I'm continually reminded of the tremendous diversity of enterprise technology needs. As analysts, we tend to focus on the "latest and greatest" developments, but the reality is that many enterprises are not ready to digest the latest technology solutions. In fact, I would submit that premature attempts to implement leading edge technology can cause serious problems and should be avoided.
How do you know if a technology update is premature? Look to the business side of the house. Are there major business pain points that cannot be addressed by the current technology? If so, IT should be looking to implement new capabilities. However, lacking new drivers from the business side, maintaining the status quo might not be that bad of a strategy.
In the past six months I've spoken with several $1B+ enterprises (some greater than $5B) that are achieving good business results using batch-oriented technology with the most sophisticated software being ETL tools. Hardly leading edge, but the important point is that it works.
Think of the need for advanced technology as a continuum. At one end you have financial institutions using logarithmic trading and high-tech manufacturers relying on real-time supply chain operations. At the other end of the spectrum you have many retailers and others still living in a batch dominated world. In between you have players in many other sectors with highly variable needs that rely on both real-time and batch processing to meet their requirements.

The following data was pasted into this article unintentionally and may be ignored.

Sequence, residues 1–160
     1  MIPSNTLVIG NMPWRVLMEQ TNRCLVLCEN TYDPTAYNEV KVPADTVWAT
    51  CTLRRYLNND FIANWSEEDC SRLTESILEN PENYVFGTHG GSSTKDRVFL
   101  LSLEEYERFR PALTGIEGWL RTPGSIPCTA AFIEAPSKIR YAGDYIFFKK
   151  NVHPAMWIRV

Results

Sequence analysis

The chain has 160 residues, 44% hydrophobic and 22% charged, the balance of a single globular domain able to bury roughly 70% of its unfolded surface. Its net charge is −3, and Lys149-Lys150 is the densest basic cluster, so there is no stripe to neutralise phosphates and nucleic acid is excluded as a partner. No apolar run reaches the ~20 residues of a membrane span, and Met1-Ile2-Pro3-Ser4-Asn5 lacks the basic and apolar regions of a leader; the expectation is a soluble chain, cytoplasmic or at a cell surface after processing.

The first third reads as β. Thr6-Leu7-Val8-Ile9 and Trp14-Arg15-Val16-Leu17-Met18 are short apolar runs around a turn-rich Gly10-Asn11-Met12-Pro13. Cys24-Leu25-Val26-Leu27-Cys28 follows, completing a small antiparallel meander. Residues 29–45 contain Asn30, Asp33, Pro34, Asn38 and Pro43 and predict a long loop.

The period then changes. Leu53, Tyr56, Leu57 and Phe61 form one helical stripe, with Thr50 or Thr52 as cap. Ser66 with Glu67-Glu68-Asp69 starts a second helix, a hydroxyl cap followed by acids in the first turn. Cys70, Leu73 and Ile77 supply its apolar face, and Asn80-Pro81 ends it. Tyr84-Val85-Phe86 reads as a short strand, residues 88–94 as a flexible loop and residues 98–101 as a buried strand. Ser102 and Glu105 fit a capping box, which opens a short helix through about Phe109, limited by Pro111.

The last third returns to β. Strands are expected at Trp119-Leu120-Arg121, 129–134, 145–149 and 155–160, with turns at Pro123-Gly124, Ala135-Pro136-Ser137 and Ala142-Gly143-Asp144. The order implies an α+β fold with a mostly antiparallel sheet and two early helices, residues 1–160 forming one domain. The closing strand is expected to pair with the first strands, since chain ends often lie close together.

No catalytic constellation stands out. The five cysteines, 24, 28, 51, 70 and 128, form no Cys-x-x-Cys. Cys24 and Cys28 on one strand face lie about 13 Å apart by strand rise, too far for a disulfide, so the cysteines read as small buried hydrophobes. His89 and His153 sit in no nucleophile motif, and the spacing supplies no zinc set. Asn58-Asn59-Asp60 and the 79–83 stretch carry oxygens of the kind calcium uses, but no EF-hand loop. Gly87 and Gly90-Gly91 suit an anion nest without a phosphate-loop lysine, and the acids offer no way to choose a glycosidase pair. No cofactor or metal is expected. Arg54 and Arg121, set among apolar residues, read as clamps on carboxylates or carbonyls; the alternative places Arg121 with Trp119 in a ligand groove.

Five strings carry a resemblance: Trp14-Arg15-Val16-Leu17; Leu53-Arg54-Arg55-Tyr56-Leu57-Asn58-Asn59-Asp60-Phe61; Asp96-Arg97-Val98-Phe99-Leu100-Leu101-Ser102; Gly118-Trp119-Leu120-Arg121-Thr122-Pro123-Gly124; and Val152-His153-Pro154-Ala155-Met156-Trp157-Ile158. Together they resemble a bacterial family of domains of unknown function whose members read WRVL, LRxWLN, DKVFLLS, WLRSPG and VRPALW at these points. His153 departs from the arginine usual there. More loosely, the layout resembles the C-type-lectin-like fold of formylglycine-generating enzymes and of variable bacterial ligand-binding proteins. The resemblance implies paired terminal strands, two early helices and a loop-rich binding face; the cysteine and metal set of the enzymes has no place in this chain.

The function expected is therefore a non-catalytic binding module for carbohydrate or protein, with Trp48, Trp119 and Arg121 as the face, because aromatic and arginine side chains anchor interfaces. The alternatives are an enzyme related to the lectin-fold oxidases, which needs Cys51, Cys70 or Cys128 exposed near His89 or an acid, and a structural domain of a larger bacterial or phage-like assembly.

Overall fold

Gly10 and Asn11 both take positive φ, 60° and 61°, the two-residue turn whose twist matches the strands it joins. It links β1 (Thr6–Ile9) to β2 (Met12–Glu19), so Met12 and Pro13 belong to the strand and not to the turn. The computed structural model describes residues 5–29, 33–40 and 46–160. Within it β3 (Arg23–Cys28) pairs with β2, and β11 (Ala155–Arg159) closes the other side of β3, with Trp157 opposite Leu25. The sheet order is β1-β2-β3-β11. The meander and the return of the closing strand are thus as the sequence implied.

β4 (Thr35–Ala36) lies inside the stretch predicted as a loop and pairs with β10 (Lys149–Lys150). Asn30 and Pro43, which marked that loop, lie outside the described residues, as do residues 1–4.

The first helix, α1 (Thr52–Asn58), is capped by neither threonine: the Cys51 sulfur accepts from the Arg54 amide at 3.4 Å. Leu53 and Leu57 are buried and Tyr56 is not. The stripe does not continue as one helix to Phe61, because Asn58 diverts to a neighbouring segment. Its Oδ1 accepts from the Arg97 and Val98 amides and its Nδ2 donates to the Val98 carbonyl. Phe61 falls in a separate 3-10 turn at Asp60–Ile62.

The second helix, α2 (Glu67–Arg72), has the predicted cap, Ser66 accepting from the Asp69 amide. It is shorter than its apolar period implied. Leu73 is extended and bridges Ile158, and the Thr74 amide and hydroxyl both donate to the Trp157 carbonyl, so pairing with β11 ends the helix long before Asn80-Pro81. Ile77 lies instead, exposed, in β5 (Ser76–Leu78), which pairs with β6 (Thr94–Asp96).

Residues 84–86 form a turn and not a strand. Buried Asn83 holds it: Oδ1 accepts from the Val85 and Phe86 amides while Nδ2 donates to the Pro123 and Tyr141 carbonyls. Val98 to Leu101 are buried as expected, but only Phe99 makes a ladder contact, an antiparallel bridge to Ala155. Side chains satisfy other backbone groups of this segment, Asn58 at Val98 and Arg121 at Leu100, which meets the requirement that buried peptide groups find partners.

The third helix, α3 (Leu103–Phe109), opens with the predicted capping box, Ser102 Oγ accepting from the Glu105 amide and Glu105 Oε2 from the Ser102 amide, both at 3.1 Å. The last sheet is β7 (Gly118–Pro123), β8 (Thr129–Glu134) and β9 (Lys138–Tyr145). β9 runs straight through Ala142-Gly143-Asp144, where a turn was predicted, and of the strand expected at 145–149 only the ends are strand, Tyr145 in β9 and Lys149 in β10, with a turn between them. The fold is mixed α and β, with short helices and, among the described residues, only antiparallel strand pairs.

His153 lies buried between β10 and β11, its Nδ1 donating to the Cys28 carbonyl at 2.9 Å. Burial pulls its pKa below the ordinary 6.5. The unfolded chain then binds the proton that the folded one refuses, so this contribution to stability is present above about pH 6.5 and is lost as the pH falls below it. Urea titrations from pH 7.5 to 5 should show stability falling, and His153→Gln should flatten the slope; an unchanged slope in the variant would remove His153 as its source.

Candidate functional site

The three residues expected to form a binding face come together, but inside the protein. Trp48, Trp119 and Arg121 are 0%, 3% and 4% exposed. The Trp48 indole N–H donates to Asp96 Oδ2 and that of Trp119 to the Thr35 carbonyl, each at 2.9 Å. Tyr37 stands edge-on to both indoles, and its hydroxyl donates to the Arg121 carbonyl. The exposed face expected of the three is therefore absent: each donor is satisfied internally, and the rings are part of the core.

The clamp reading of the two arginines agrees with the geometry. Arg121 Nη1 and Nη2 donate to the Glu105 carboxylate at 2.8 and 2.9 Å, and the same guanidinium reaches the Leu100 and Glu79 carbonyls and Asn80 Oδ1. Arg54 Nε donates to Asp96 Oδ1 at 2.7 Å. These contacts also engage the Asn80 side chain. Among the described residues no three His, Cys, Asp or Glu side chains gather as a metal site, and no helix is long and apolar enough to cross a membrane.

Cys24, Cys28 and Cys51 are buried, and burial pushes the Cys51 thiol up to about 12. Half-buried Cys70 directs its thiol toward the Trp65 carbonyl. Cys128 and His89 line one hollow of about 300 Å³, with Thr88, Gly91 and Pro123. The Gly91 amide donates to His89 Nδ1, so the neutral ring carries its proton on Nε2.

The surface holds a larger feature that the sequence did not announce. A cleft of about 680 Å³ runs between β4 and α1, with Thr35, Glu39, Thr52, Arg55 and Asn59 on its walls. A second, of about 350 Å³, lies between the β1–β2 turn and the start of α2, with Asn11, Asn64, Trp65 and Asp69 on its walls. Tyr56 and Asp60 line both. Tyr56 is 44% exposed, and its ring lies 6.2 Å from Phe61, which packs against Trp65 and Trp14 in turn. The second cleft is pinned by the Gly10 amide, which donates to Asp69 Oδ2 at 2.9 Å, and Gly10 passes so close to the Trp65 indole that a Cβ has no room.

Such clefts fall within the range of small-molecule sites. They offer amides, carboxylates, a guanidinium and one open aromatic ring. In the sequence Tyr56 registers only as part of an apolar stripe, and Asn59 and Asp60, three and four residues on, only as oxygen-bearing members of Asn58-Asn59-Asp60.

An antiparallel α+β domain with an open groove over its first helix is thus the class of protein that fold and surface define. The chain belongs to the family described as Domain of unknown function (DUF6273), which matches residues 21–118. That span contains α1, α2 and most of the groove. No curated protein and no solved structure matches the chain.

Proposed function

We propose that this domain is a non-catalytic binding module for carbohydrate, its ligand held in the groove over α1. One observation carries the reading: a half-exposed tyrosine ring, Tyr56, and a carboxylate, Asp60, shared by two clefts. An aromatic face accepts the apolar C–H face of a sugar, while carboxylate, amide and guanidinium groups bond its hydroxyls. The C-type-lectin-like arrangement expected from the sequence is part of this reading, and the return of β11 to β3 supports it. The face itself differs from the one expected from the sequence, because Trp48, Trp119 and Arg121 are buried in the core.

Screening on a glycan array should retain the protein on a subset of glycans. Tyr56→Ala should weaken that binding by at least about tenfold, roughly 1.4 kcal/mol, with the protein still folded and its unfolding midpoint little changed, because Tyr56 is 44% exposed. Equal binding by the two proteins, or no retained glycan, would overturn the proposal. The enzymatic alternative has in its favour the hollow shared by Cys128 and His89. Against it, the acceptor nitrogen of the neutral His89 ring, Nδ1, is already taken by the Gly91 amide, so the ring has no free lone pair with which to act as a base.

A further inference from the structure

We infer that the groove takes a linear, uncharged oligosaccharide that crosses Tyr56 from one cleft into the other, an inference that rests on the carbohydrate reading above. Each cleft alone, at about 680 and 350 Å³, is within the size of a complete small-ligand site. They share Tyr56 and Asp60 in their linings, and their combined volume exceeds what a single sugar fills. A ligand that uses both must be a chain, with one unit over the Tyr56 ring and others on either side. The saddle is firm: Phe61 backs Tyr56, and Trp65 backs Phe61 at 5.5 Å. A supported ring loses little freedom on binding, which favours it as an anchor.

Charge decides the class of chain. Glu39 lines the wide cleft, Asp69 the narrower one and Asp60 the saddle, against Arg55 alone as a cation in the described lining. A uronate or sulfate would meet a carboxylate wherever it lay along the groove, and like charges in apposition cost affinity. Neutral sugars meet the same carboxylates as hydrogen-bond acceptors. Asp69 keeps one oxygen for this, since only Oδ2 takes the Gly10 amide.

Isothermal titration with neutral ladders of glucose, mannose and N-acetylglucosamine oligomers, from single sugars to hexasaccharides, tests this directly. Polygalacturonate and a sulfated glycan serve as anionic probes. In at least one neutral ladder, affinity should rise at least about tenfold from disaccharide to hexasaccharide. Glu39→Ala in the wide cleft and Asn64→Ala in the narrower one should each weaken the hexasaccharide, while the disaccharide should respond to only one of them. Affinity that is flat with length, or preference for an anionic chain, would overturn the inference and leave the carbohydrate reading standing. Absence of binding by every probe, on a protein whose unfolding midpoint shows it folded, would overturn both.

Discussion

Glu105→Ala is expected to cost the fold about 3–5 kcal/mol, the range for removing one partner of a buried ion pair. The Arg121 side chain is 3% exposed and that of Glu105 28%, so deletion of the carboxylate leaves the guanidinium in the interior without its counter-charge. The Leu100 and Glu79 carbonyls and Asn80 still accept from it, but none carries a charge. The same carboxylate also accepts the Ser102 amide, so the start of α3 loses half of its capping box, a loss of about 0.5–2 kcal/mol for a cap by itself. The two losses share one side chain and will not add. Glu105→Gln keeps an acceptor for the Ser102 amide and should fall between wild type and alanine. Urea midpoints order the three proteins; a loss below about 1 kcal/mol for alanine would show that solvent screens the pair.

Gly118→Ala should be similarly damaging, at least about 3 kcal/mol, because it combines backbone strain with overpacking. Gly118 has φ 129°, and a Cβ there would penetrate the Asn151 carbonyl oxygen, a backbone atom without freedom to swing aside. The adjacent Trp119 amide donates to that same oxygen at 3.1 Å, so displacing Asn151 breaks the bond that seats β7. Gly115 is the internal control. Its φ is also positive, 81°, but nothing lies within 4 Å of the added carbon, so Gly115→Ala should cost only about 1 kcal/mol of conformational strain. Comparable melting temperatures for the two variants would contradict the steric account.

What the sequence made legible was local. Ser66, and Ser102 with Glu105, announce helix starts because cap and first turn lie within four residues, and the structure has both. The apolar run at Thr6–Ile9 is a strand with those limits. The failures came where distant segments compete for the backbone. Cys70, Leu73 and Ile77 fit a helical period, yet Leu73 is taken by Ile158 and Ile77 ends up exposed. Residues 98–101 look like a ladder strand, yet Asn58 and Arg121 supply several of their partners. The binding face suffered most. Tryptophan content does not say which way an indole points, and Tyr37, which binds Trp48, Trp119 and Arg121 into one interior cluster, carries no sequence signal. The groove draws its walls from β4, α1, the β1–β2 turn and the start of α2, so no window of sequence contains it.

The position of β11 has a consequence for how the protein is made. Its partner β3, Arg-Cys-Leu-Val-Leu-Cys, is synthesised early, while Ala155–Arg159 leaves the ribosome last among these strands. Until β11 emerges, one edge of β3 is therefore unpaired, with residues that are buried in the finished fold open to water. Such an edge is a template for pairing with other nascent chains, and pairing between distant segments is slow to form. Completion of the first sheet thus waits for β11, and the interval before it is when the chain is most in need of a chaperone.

Don't expect this diversity to disappear anytime soon.
In a conversation with a vendor in the application portfolio management space the other day, we got on the subject of what "Cloud" means to them and by extension to their current and future customer base. My colleagues have written extensively on what it may mean to Oracle, Microsoft, IBM, HP and others, and our conversation began discussing the potential of cloud-computing from a vendor perspective - for instance: